The Best Wines for Every Dish

 

In a different post, I told you all about how the French truly enjoy having butter in all their recipes. Now, I am turning towards another thing that is never amiss from their daily lives, which is wine. The French are famous worldwide for their wines, and I must say that I am eager to become a connoisseur, now that I live in the country making the best wine in the world. So far, I have improved my knowledge on food and wine pairings, and this is what today’s post will be all about.

 

One of the best-known wines served at the table is Pinot Noir. I seriously doubt there is anyone who had never tasted this type of wine unless they do not like wine altogether. Pinot Noir is an excellent choice when you are having meals rich in earthy flavors, such as mushrooms or truffles. Experts all agree that this is an exceptional choice for any meal of the kind.

You most probably know that white wine goes best with fish, but which white wine is the best with shrimps or steamed fatty fish? From what I have learned so far, Chardonnay is one of the best choices to go for. The smooth, silky texture of this white wine makes digesting fish easier, and it makes for a light meal that will leave you satiated without over-eating.

Since I am talking about wine, and I am currently residing in France, I cannot write a blog post about wine, without mentioning the famous Champagne. If you are looking to pair Champagne with food, I highly suggest going for salty things, since the slight tinge of sweetness in this wine will counterbalance the saltiness just fine.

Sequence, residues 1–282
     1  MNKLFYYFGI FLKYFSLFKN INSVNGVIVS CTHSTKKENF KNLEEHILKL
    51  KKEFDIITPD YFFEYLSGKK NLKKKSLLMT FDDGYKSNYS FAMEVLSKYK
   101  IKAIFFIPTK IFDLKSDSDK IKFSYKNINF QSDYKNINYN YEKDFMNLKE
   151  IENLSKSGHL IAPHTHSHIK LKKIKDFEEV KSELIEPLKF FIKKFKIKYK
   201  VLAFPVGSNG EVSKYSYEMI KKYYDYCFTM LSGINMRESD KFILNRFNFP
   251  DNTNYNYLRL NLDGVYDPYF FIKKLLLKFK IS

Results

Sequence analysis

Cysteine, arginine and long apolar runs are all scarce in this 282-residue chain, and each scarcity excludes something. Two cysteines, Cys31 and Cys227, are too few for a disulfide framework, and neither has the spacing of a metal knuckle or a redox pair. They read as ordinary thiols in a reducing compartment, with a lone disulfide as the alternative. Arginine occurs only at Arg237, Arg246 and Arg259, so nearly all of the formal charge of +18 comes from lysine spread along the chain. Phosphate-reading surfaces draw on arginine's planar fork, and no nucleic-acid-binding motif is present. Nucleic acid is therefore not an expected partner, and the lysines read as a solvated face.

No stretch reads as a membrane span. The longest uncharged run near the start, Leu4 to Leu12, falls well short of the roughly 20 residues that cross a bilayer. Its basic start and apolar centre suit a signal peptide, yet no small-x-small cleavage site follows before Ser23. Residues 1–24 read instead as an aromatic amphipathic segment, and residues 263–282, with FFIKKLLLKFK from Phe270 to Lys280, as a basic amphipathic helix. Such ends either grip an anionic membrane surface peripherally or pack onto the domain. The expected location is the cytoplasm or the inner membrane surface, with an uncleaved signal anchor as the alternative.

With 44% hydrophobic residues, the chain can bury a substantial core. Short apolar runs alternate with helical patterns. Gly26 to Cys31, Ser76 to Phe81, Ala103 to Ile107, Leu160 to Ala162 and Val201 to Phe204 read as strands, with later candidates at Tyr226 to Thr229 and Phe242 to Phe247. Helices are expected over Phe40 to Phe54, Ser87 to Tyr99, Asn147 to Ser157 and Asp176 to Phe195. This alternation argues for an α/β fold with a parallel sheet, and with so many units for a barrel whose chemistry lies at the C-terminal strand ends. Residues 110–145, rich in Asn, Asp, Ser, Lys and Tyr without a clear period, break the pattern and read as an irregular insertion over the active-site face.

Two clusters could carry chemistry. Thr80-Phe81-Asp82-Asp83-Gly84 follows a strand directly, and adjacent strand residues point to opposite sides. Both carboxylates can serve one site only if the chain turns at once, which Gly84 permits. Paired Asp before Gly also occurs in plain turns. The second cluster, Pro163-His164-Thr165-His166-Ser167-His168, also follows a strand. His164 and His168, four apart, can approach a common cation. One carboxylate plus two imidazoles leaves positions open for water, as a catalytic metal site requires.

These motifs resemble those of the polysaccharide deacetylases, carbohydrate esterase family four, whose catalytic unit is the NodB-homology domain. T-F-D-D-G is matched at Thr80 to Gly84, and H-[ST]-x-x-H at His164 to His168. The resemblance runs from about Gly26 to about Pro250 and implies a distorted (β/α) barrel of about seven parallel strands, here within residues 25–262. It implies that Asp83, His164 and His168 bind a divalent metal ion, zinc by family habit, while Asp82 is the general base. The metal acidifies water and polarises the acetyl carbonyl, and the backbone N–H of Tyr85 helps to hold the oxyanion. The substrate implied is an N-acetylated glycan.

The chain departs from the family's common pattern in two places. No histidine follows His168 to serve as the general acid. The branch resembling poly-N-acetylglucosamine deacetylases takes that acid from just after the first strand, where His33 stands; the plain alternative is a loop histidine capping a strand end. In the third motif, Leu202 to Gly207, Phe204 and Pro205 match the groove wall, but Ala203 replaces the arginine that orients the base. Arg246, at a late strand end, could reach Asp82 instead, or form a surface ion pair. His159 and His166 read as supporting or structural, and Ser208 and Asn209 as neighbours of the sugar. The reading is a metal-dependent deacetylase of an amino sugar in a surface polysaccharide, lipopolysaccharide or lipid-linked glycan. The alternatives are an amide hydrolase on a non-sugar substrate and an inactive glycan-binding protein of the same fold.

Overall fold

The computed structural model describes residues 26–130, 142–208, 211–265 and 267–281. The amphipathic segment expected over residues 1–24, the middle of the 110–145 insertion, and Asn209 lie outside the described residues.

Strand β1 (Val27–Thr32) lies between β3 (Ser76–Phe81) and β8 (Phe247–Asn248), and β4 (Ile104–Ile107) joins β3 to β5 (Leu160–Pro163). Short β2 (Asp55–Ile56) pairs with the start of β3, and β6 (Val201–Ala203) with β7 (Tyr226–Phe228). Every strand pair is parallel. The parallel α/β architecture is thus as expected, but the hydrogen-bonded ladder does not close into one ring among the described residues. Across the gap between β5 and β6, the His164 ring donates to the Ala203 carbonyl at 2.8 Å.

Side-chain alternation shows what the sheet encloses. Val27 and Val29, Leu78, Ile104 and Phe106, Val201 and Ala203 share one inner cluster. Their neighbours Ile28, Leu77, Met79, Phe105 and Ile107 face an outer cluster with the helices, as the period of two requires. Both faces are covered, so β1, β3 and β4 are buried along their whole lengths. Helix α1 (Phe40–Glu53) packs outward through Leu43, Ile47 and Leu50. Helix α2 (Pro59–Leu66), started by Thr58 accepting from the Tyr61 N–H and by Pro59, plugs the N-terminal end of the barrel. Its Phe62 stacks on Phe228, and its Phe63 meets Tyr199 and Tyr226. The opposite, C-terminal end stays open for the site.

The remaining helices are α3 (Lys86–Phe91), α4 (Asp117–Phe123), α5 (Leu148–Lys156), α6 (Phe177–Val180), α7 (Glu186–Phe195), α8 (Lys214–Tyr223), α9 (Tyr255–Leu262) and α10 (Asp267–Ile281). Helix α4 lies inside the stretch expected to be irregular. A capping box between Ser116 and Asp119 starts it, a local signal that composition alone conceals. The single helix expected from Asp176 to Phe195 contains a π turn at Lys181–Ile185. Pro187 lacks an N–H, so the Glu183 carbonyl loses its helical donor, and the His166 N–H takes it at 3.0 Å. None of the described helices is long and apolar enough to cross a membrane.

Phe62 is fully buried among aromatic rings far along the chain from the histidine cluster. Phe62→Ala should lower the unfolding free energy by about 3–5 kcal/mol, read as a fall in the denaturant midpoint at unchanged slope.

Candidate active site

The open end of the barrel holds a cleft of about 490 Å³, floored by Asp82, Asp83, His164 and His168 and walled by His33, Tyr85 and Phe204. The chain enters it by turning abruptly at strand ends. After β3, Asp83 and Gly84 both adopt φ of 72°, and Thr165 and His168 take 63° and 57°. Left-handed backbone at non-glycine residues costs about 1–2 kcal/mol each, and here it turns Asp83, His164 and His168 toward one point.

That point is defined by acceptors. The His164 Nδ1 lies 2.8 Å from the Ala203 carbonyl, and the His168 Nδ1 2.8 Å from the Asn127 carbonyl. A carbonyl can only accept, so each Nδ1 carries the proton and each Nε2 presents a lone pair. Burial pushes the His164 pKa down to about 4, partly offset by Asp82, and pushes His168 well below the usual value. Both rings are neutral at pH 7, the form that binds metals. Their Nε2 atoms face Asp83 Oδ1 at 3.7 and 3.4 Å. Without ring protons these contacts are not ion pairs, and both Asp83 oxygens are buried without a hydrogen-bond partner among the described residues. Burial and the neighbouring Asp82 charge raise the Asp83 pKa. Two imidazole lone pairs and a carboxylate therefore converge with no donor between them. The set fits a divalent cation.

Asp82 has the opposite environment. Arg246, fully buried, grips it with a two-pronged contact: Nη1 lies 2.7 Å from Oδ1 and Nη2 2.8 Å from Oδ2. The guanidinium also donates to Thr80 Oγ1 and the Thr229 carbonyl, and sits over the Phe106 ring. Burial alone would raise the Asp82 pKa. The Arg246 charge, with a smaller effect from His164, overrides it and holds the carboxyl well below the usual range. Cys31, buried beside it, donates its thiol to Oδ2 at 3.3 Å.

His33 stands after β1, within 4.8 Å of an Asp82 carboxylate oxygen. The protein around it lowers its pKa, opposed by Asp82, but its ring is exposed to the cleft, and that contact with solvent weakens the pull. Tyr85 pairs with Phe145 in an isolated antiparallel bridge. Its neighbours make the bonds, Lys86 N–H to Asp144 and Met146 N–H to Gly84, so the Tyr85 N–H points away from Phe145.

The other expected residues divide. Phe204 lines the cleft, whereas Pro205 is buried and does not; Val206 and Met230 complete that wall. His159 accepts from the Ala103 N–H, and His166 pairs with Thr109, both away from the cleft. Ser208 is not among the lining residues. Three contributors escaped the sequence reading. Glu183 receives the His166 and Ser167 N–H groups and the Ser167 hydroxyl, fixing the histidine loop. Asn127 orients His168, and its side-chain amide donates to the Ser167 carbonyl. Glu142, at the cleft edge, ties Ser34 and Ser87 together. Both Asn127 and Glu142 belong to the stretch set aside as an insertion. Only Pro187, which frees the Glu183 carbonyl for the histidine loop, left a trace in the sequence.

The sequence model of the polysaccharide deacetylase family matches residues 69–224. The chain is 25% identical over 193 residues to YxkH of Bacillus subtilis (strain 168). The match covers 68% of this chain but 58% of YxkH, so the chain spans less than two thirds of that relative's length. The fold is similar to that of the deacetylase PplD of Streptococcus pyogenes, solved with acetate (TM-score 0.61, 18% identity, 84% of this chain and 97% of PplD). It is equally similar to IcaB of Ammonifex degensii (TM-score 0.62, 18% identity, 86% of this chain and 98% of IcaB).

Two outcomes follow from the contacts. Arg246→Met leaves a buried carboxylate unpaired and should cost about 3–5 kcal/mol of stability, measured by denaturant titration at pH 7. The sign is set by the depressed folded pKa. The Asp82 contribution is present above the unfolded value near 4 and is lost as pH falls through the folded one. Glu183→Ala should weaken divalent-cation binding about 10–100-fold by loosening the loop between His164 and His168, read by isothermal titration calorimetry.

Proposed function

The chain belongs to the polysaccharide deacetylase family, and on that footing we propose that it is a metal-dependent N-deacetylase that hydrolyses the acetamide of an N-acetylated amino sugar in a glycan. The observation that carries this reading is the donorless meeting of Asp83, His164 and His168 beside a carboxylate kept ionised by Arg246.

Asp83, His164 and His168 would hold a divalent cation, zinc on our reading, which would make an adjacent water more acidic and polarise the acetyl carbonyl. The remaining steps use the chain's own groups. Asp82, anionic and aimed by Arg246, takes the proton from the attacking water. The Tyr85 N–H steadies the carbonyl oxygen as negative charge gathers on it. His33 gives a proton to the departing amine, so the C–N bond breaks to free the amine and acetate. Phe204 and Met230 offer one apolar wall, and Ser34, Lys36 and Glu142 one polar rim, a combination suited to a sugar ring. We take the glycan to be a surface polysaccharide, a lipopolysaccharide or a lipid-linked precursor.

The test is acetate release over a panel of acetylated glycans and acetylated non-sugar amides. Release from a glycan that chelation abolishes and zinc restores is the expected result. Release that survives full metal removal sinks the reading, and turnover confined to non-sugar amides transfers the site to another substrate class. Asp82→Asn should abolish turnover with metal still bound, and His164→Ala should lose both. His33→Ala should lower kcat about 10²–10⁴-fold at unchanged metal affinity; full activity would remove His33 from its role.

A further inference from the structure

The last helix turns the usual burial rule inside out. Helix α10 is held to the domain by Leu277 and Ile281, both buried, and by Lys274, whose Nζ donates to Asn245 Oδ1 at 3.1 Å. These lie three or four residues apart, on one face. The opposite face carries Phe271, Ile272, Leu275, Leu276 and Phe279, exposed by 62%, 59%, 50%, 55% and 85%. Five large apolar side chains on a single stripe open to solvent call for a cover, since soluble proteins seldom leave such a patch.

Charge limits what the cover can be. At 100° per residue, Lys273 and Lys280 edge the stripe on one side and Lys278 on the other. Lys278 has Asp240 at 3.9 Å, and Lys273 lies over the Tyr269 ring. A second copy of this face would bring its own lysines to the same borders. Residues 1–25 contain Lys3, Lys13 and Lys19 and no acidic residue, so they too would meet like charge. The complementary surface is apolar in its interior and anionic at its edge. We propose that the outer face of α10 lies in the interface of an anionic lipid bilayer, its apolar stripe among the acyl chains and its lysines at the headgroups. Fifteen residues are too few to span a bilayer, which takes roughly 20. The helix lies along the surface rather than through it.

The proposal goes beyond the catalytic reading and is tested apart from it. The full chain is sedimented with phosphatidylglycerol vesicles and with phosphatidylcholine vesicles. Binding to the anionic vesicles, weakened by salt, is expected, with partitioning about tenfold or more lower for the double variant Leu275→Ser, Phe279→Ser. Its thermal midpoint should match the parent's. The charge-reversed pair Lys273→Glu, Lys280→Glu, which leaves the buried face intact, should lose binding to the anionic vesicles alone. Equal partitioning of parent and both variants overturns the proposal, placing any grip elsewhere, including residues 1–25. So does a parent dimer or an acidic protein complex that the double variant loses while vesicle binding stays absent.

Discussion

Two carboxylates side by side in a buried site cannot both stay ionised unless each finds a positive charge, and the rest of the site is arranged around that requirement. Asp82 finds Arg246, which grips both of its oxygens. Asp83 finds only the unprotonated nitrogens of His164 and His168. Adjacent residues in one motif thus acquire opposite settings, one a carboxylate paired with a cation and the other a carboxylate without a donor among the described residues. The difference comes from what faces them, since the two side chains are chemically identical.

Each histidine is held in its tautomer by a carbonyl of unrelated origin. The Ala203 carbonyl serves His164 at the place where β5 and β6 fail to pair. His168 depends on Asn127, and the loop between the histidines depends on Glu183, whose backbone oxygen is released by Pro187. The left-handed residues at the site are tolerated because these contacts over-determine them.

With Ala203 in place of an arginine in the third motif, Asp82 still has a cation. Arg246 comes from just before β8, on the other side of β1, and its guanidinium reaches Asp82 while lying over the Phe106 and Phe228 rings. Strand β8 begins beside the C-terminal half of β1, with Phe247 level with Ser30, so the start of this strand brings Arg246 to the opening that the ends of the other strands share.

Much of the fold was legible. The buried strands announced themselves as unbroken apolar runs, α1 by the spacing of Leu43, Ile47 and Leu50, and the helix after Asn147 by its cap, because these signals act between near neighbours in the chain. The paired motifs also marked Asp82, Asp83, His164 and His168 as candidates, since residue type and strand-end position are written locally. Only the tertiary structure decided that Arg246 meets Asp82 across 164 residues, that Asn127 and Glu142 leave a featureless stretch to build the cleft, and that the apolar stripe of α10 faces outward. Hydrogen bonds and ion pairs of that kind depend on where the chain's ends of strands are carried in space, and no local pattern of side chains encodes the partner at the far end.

You might have noticed how I said nothing so far about steaks. Who doesn’t love a juicy piece of steak? The French do, just like the rest of the world, so you may be wondering how they manage to stay so slim. The secret may be the way they pair their favorite foods with wine. In this case, juicy steaks, especially lamb chops, work great with Cabernet Sauvignon.

For those who have a weakness for tangy foods but they do not like them to be extremely tangy when they hit their taste buds, what I can clearly recommend is a glass of Sauvignon Blanc. Think something along the lines of a plate of scallops, accompanied by onion salad. You will see how they work together like a pair made in heaven.

Zinfandel is a type of wine that I was taught just recently that works like a charm with terrines and mousse like recipes. Rich and rustic, this wine will make the somewhat heavy foods to get digested more easily, not to mention the fact that your taste buds will be on cloud number nine.

 

 

How to cook perfect Ratatouille

 

 

Since my move to Provence, France I have started trying to cook some of the local dishes, with varying degrees of success. While I’ve had plenty of interesting failures and a few that were just scary, one dish that I have managed to perfect is Ratatouille.

 

The best way to describe this dish is as a “comfort food”. It is warm, filling and reminds most native Frenchmen of home. What chicken soup and macaroni and cheese is to Americans, ratatouille is to the French. In the time that I have live here I’ve found several recipes, but the one that is my favorite is also one of the easiest. If you want to learn how to cook perfect ratatouille I suggest you follow this simple recipe.

 

 

Here are the ingredients that you’ll need, and it is important to use all of them or the overall flavor of the dish will be off.

  • 1/4 cup olive oil